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Updated 2:30 PM April 12, 2006
 

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Students come carbon-neutral for school visit

The School of Natural Resources and Environment's (SNRE) annual Visit Day March 17 was "carbon-neutral" for the many admitted students who traveled to campus to learn more about the school before making final enrollment decisions.

"Carbon-Neutral Visit Day reinforces the school's commitment to sustainability—a value that is prominent across all degree programs—and introduces new students to the Sustainable Systems academic plan," SNRE Dean Rosina Bierbaum says.

Every time someone turns on a television, orders a hamburger, takes a flight or drives a car, carbon dioxide (CO2) is added into the atmosphere. CO2 is a greenhouse gas that is released when fossil fuels such as oil, gas and coal are burned.

Current U.S. travel options are carbon intensive. For example, a round-trip commercial airline flight between New York and Detroit would generate approximately 1,260 pounds of CO2, while driving from Chicago to Detroit would generate approximately 250 pounds of CO2.

There is widespread agreement within the scientific community that the emission of greenhouse gasses is changing the global climate and a growing consensus that these changes could threaten modern society.

"By taking part in the Carbon Neutral Visit Day, newly admitted students come to understand the impact their travel to the U-M campus has on the environment, and they find out what it will take to offset that impact," says Sondra Auerbach, director of academic services. "This effort was initiated by our master's students."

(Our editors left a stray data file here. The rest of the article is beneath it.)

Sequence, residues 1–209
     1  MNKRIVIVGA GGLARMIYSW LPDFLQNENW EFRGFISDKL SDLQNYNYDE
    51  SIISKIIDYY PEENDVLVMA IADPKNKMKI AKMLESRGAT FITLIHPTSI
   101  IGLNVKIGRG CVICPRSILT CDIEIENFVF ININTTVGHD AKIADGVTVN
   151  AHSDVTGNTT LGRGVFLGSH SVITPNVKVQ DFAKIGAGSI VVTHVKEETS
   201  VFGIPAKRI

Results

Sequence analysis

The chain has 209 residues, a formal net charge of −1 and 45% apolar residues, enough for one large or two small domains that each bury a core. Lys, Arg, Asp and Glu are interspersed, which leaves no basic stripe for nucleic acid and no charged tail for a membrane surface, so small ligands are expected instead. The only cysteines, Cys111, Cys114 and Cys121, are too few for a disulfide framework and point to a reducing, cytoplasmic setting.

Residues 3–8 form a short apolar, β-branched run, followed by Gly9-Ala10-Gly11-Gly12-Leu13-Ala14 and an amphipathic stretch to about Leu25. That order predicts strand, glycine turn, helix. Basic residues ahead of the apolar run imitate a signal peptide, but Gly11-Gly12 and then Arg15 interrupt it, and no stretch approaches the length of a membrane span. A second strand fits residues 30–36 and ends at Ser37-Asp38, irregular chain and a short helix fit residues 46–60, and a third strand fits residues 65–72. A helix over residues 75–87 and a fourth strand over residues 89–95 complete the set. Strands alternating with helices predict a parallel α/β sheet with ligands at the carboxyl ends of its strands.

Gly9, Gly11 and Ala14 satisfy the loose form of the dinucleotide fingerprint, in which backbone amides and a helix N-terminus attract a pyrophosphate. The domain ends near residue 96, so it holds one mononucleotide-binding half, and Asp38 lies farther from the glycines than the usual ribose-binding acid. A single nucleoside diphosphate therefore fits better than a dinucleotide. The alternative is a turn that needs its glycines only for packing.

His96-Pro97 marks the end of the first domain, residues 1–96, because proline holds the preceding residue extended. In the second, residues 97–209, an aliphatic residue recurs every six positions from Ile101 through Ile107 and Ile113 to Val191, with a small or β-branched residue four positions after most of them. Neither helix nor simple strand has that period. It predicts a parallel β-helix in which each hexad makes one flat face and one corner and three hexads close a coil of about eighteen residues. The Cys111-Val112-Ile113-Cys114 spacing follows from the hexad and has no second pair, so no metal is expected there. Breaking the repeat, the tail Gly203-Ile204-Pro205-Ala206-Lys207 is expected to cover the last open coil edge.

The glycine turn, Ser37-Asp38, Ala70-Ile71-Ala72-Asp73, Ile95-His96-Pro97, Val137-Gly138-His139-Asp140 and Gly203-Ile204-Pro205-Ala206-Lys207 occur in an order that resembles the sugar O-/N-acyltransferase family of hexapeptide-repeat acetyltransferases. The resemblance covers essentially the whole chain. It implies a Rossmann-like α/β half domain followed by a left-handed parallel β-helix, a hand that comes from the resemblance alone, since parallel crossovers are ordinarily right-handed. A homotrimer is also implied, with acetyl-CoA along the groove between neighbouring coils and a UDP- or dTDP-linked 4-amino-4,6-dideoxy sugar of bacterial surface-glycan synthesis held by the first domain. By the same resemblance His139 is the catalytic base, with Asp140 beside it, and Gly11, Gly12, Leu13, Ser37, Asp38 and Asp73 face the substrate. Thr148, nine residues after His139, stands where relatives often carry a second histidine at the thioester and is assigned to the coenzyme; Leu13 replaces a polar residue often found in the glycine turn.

Offsetting is a term used to describe measures that reduce carbon in the atmosphere by the same amount that the emissions added. It is a way to neutralize or balance one's impact on the environment. There are organizations that offer carbon offsets by investing funds in climate-friendly projects such as planting trees, investing in windpower, and buying and retiring carbon credits. These activities reduce emissions, thus offsetting, or neutralizing, negative climate impact elsewhere.

Offsetting reduces climate change by making real reductions in amounts of carbon in the atmosphere; providing funds for renewable technologies and efficient appliances; and raising awareness of the impact that lifestyles have on the climate.

The school is working with Native Energy (www.nativeenergy.com) and Michigan Interfaith Power and Light (www.miipl.org), two organizations that orchestrate the purchase of carbon off-sets. The money used to purchase off-sets will go to Native Wind (www.nativewind.org), a nonprofit agency that finances small, renewable energy projects that are in development on Native American reservations in the Dakotas.

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